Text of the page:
The Costs of the Iraq War

The Costs of the Iraq War

About two thirds of Americans now regard the U.S. invasion and occupation of Iraq as a serious mistake. The mistake was planned and organized by President George W. Bush and his administration with the help of too many Democrats who went along with his imperial fantasy. Too many Americans, carried away by superpower imperial glory, expected an easy victory at low cost.

They were wrong. Whether or not military victory will have been achieved at some future time, the costs have been high and far more than the anticipated benefits.

Some of the costs are painfully obvious. About 4,000 U.S. military deaths, about 40,000 U.S. military wounded, Iraqi insurgents and civilians killed and wounded estimated at one million; Iraqis who have fled their homes and their country to foreign lands estimated at two million; cost to the U.S. taxpayer estimated at one or two trillion dollars depending on eventual length of the war; the dramatic decline in U.S. reputation among the 1.3 billion Muslims and most nations, a decline that is harming U.S. business and diplomatic interests.

Some of the costs are less obvious. The power and influence of Iran in the Middle East has been greatly increased. The Sunni regime in Iraq that was a buffer to Iranian expansion was overthrown and succeeded by a Shiite regime friendly to Shiite Iran. If and when the U. S. military leaves Iraq, the new Shiite bloc might threaten traditional U.S. allies, Saudi Arabia, Jordan and Egypt.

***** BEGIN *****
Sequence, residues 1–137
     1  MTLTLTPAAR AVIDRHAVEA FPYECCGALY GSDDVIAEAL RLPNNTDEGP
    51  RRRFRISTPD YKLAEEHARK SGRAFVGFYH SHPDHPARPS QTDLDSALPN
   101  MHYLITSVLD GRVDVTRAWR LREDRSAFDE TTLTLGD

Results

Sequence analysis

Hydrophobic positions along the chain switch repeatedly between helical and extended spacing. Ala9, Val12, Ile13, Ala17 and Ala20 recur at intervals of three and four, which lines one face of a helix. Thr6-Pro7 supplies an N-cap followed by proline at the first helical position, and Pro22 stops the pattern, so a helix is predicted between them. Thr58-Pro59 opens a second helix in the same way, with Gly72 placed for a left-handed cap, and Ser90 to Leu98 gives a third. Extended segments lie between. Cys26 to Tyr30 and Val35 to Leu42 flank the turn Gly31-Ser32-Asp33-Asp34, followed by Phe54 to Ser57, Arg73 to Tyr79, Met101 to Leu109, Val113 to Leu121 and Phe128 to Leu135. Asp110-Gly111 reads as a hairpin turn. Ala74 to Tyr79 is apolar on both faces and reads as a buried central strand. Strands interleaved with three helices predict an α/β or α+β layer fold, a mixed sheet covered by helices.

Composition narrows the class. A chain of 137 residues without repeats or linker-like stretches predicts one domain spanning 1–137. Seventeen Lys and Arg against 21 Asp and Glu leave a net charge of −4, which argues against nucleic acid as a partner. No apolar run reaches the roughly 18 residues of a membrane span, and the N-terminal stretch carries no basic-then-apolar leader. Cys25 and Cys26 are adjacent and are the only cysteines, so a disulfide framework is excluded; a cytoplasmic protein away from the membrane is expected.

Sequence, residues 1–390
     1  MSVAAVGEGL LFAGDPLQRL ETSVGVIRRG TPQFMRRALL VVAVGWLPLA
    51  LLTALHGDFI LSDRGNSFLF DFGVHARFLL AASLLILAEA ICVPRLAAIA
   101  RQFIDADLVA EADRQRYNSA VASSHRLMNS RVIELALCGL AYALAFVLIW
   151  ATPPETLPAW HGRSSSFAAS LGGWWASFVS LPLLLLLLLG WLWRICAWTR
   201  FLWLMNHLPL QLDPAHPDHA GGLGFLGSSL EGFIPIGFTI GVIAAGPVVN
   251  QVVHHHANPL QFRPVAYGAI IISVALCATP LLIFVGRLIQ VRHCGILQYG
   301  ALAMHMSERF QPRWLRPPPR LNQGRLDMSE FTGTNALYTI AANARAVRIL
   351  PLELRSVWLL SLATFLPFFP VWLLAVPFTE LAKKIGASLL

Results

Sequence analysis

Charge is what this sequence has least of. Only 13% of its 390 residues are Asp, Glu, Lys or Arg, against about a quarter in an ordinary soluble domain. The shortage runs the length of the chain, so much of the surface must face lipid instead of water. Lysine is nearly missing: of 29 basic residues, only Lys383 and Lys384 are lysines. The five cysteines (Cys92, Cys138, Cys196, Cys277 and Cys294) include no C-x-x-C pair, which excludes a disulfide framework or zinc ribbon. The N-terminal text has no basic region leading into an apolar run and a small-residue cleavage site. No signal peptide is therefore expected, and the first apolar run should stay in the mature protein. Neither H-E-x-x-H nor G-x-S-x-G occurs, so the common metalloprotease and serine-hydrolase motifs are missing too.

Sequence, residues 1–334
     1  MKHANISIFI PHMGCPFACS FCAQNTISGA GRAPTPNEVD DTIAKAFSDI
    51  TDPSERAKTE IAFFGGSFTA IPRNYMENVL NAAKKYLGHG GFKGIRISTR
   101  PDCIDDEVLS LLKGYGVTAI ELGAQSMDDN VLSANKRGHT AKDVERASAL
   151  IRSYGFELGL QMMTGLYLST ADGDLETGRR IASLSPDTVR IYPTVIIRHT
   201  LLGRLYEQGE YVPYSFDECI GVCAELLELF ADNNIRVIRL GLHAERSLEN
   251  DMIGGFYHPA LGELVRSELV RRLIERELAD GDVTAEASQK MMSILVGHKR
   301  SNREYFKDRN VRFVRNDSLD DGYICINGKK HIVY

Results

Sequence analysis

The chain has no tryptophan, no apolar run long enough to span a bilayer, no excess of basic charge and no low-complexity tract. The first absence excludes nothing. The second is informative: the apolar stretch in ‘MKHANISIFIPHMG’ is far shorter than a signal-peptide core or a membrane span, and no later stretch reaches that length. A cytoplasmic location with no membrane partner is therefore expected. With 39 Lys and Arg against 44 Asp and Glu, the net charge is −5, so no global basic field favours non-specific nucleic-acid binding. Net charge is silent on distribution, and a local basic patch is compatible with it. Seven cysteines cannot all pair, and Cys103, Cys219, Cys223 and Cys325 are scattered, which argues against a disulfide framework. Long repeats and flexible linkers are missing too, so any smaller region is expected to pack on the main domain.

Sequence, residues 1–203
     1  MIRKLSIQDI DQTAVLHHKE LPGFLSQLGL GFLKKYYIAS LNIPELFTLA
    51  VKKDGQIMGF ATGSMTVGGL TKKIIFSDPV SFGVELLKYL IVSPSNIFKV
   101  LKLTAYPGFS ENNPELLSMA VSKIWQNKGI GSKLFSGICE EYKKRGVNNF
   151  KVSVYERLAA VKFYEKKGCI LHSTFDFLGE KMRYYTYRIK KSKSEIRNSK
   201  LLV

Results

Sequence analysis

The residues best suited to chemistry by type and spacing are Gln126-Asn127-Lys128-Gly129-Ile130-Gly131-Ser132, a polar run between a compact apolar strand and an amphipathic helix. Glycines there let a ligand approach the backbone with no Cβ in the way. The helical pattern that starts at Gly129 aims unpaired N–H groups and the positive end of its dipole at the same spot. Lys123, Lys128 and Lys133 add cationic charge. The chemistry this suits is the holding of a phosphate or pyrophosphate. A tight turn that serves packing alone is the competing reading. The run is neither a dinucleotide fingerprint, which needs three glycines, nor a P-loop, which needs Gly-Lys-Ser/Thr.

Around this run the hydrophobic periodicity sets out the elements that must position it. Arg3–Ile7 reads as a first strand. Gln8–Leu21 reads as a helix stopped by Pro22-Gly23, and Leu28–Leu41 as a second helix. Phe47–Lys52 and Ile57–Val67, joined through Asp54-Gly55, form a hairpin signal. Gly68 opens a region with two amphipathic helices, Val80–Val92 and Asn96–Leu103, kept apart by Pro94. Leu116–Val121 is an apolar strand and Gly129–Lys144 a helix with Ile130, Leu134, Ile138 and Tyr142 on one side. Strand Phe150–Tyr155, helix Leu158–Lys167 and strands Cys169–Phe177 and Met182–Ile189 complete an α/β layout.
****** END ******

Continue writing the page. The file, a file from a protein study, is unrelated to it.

Perhaps the most important costs to the U.S. have been the increase in the price of oil which has doubled since 2002, driven up by the Iraq war to $90-$100 per barrel. As the American consumer increases his insatiable consumption of oil and gasoline, the flow of these liquids is matched by the flow of U.S. dollars to oil suppliers.

When the oil producers were buying U.S. Treasury bonds, the effects were minimal. However, the oil royalty have modified their financial strategy by using their U.S. dollars to buy U.S. assets, taking large positions in Citigroup, News Corp., Procter & Gamble, Hewlett-Packard, Pepsi, Time Warner, and Walt Disney, to name only a few. Land, real estate, and skyscrapers are also targets. And the sophisticated investors have hired prominent American bankers, media experts and Washington lobbyists to protect their interests in the U.S. This represents an historic transfer of wealth, unprecedented in human history, financial conquest without firing a shot.

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